Dermatology

Plaque Psoriasis

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Challenging Cases in Psoriasis

conference reporter by Bruce E. Strober, MD, PhD
Overview

Psoriasis can be associated with a wide array of comorbidities, detrimental physical effects, disability, reduced psychological well-being, and impaired quality of life. A workshop on challenging cases in psoriasis was held at the Maui Derm Hawaii 2024 meeting. The discussion was moderated by Bruce E. Strober, MD, PhD, who provided further insights into this topic for Conference Reporter.

 

Following this presentation, featured expert Bruce E. Strober, MD, PhD, was interviewed by Conference Reporter Medical Writer Rick Davis. Dr Strober’s clinical perspectives are presented here.

"At Maui Derm Hawaii 2024, my colleagues and I presented and discussed challenging cases of patients with psoriasis and considerations for management. One question that I like to present in such discussions is: What do you do with patients who have a history of malignancy? . . . A second challenging psoriasis patient type might be a woman of childbearing potential who is trying to conceive or is pregnant."
— Bruce E. Strober, MD, PhD

At Maui Derm Hawaii 2024, my colleagues and I presented and discussed challenging cases of patients with psoriasis and considerations for management. One question that I like to present in such discussions is: What do you do with patients who have a history of malignancy? I seem to see about 1 patient per week who falls into this category. I continue to gain more and more confidence that we can use biologic therapy in those with a history of malignancy, and I feel very comfortable prescribing our modern, high-potency biologics for these patients. For example, IL-23 and IL-17 inhibitors are appropriate for patients with a history of malignancy. Apremilast is also appropriate, as are methotrexate and acitretin. Deucravacitinib, being more recently approved for psoriasis, lacks the long-term experience to give confidence in this clinical scenario. With this medication, the consideration of the drug’s risk-benefit ratio for each individual patient is important, particularly for those with a history of malignancy other than that of a successfully treated nonmelanoma skin cancer.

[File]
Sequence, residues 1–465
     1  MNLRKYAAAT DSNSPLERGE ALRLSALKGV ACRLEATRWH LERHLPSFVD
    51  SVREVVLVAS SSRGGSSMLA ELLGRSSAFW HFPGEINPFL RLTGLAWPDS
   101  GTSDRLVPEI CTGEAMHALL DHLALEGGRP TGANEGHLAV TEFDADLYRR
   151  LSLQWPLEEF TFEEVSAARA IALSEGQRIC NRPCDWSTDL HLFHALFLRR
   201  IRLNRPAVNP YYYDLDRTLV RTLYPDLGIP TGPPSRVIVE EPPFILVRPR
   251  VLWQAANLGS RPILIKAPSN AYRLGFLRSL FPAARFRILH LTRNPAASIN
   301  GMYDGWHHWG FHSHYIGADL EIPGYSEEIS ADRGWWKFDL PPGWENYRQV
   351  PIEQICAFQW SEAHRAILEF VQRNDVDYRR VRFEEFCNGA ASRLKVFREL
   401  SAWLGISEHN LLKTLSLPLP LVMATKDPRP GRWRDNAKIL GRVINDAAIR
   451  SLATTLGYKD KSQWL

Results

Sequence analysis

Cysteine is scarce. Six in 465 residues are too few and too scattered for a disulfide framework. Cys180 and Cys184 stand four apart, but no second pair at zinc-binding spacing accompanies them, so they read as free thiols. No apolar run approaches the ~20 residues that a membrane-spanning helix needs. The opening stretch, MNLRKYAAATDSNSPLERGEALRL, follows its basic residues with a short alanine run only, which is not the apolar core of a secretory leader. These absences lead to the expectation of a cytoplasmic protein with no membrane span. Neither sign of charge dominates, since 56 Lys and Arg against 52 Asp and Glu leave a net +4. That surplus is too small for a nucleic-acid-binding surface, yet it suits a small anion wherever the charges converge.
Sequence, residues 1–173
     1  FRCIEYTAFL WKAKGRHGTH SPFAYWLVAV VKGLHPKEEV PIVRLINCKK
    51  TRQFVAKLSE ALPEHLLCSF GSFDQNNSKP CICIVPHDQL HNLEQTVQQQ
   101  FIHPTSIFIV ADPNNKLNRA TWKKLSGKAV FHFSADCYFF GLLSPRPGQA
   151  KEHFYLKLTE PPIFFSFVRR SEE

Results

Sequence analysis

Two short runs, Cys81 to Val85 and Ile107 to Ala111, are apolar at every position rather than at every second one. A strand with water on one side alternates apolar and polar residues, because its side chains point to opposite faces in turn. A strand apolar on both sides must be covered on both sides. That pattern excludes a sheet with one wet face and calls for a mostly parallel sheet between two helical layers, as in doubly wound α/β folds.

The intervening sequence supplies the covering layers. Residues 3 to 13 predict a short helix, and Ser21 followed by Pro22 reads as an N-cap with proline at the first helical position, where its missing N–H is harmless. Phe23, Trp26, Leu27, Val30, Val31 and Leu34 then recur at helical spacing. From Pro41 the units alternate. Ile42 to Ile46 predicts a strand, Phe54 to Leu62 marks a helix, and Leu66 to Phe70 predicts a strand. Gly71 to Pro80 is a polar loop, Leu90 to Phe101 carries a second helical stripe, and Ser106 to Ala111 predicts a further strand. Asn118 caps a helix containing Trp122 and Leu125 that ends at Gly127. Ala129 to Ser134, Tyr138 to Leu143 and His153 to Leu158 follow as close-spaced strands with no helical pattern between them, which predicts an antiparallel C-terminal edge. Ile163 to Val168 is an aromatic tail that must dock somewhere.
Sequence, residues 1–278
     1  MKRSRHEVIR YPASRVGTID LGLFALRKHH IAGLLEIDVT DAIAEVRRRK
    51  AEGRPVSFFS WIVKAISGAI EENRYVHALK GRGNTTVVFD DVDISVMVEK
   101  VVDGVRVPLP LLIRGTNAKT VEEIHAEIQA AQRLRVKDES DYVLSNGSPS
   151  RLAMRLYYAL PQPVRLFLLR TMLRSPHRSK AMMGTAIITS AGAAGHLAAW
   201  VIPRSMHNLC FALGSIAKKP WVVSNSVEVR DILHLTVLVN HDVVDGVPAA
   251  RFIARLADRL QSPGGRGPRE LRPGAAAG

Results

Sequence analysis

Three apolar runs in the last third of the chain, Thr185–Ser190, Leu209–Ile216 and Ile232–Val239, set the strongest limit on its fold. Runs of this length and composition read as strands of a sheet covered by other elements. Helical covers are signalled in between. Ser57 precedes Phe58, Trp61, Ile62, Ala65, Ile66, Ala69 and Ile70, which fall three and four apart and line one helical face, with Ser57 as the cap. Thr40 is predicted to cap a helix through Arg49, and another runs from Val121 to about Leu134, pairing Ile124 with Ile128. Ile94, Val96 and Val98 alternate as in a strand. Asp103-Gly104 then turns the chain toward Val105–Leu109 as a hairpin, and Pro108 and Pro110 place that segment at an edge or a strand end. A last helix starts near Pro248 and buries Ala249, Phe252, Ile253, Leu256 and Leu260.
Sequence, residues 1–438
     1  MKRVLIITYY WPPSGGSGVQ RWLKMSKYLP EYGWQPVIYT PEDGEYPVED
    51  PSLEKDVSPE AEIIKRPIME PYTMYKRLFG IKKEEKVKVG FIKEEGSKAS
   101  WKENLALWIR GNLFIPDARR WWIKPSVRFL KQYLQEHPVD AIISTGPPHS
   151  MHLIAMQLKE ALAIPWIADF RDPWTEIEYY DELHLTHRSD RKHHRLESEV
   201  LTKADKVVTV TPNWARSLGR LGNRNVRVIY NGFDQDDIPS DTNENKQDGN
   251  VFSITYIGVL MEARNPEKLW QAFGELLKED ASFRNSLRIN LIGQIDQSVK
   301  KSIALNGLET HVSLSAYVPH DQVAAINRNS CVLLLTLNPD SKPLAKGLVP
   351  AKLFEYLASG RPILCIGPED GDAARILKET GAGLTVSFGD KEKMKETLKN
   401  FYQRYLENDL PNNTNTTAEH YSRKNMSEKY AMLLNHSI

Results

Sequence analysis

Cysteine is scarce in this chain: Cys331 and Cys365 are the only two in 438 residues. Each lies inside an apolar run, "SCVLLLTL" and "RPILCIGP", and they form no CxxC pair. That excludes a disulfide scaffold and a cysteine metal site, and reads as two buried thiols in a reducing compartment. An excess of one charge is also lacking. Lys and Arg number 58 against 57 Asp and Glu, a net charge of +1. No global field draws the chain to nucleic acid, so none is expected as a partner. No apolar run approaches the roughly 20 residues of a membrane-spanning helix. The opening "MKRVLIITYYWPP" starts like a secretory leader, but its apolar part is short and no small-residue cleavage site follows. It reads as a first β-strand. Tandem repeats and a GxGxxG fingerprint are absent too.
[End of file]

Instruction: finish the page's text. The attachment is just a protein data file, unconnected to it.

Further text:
Based on experience from clinical trials and registry studies from around the world, we can catalog the use of the various therapeutic options in patients with a history of malignancy. The data to date suggest that the use of biologic therapy does not increase the risk of malignancy recurrence in a person who had a prior malignancy. It is, of course, important to note that malignancies sometimes do recur; however, as I say to my patients, “Using this drug will not increase the likelihood of recurrence.” I have these discussions with patients with their families present to make sure that they understand the following concept: the data do not suggest that the use of drugs such as IL-23 and IL-17 inhibitors increase malignancy recurrence rates. I always still want to have agreement from the patient’s oncologist, and I find that 9 of 10 oncologists will say, “Go for it.”

 

These are some of my most satisfying patients to treat because they have already had a difficult experience with cancer, and now they must also deal with psoriasis. The high-potency biologics can offer a lot of benefits to these patients, and we can help to eliminate the trauma and impact of psoriasis with very effective therapies.

 

A second challenging psoriasis patient type might be a woman of childbearing potential who is trying to conceive or is pregnant. Again, I feel very comfortable that such individuals can be appropriate candidates for biologic therapy. TNF blockers have been long established as safe for use during pregnancy—particularly certolizumab, which does not easily cross the placenta—but any of the TNF blockers are considered safe for use in the appropriate patient. We are also seeing more and more registry data on the use of IL-23 and IL-17 inhibitors during pregnancy.

 

At this point in history, we know that we should avoid methotrexate, acitretin, and even the JAK inhibitors in pregnancy. Data related to apremilast are scant. Regardless, I would rather prescribe a well-tolerated, less frequently dosed biologic therapy for a woman who is pregnant or trying to become pregnant.